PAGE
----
- The definition of a plot is a marked off area that is intended for a specific use.
An example of plot is a space designed to be used as a community garden.
- A plot is defined as a secret plan to achieve something illegal or evil.
An example of plot is a conspiracy to assassinate a politician.
- The plot is the main story of a tale.
An example of plot is the love story of Romeo and Juliet.
- Plot means to plan something.
An example of plot is a man scheming how he'll take another man's girlfriend.
- a small area of ground marked off for some special use: garden plot, cemetery plot
- a chart or diagram, as of a building or estate
Origin of plotshort for complot a secret, usually evil, project or scheme; conspiracy
- the arrangement of the incidents in a play, novel, narrative poem, etc.
Origin of plotMiddle English ; from Old English piece of land: some meanings influenced, influence by complot
transitive verbplotted, plotting
- to draw a plan or chart of (a ship's course, etc.)
- to mark the position or course of on a map
- to make secret plans for: to plot someone's destruction
- to plan the action of (a story, etc.)
- to determine or mark the location of (a point) on a graph by means of coordinates
- to represent (an equation) by locating points on a graph and joining them to form a curve
- to draw (the curve thus determined)
- a. A small piece of ground, generally used for a specific purpose: a garden plot.b. A measured area of land; a lot.
- A ground plan, as for a building; a diagram.
- See graph1.
- The pattern or sequence of events in a narrative or drama.
- A secret plan to accomplish a hostile or illegal purpose; a scheme.
verbplot·ted, plot·ting, plots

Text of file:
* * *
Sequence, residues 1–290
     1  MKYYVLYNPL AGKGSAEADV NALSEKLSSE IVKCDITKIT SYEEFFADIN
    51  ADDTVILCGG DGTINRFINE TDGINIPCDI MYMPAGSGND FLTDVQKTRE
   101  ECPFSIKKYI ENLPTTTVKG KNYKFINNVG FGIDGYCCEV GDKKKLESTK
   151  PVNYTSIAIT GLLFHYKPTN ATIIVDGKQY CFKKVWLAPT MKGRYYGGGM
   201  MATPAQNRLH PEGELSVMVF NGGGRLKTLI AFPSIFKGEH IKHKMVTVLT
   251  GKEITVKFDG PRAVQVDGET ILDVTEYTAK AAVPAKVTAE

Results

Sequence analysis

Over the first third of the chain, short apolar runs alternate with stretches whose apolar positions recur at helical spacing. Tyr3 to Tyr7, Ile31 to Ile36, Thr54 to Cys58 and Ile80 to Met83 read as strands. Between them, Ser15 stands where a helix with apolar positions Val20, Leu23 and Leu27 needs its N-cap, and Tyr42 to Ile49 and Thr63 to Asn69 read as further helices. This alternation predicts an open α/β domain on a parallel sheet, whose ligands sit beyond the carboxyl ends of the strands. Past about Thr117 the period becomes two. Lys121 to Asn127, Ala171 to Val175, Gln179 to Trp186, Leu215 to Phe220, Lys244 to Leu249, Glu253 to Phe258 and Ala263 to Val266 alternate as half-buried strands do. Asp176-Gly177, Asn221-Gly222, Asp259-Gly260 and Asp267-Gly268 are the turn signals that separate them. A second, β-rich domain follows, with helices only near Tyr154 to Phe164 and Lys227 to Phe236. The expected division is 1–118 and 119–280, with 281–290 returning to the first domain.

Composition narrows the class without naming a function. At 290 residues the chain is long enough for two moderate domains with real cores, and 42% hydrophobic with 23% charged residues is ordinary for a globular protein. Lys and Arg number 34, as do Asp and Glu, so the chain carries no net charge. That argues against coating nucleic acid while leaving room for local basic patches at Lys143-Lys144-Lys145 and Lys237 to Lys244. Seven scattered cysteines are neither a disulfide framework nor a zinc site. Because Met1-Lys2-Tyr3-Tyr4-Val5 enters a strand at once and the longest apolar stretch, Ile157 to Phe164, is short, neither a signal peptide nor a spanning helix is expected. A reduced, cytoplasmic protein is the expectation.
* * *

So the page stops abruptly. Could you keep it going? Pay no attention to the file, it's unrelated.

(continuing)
- To represent graphically, as on a chart: plot a ship's course.
- Mathematics a. To locate (points or other figures) on a graph by means of coordinates.b. To draw (a curve) connecting points on a graph.
- To conceive and arrange the action and incidents of: “I began plotting novels at about the time I learned to read” (James Baldwin).
- To form a plot for; prearrange secretly or deviously: plot an assassination.
Origin of plotMiddle English, from Old English.
- The course of a story, comprising a series of incidents which are gradually unfolded, sometimes by unexpected means.
- An area or land used for building on or planting on.
- A graph or diagram drawn by hand or produced by a mechanical or electronic device.
- A secret plan to achieve an end, the end or means usually being illegal or otherwise questionable.
- The plot would have enabled them to get a majority on the board.
- The assassination of Lincoln was part of a larger plot.
- Contrivance; deep reach thought; ability to plot or intrigue.
- Participation in any stratagem or conspiracy.
- A plan; a purpose.
(third-person singular simple present plots, present participle plotting, simple past and past participle plotted)
- To conceive (a crime, etc).
- They had plotted a robbery.
- To trace out (a graph or diagram).
- They plotted the number of edits per day.
- To mark (a point on a graph, chart, etc).
- Every five minutes they plotted their position.
- (intransitive) To conceive a crime, misdeed, etc.
- They were plotting against the king.
From Middle English plot, plotte, from Old English plot (â€œa plot of groundâ€), from Proto-Germanic *plataz, *platjaz (â€œa patchâ€), of uncertain origin. Cognate with Middle Low German plet (â€œpatch, strip of cloth, ragsâ€), German Bletz (â€œrags, bits, strip of landâ€), Gothic [script?] (plats, â€œa patch, ragsâ€). See also plat. See also complot for an influence on or source of the "secret plan" sense.
plot - Computer Definition
To create an image by drawing a series of lines. In programming, a plot statement creates a single vector (line) or a complete circle or box that is made up of several vectors.